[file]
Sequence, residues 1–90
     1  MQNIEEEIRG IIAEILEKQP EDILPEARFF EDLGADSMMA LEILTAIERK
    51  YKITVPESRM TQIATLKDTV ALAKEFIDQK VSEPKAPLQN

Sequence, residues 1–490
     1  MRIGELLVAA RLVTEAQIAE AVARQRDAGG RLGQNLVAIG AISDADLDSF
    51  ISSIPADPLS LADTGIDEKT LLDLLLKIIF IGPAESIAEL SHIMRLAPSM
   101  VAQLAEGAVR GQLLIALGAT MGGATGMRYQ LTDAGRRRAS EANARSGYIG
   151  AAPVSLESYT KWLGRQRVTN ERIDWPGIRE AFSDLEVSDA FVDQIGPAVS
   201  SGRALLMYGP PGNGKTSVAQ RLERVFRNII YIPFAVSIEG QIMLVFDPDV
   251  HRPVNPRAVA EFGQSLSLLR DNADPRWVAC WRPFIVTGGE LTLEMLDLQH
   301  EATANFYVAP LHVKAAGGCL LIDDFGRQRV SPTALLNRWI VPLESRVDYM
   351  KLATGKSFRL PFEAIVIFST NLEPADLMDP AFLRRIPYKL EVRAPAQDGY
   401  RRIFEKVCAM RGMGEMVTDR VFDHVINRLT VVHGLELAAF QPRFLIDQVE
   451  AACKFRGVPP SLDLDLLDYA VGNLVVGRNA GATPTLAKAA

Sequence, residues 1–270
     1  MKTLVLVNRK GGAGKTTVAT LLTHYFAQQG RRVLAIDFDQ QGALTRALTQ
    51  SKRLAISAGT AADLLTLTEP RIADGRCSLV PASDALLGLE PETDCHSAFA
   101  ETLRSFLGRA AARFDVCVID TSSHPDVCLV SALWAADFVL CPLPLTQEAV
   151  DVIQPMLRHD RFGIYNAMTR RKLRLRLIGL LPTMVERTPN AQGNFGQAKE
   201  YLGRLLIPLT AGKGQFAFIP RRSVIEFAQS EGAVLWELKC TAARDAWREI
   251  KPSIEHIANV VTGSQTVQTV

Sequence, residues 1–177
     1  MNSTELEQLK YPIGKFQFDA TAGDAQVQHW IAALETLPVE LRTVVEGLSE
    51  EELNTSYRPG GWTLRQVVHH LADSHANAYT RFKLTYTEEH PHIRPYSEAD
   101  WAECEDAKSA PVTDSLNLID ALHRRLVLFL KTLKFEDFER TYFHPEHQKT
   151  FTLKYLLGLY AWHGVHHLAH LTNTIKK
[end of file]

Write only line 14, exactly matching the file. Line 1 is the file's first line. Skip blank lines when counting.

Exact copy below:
   451  AACKFRGVPP SLDLDLLDYA VGNLVVGRNA GATPTLAKAA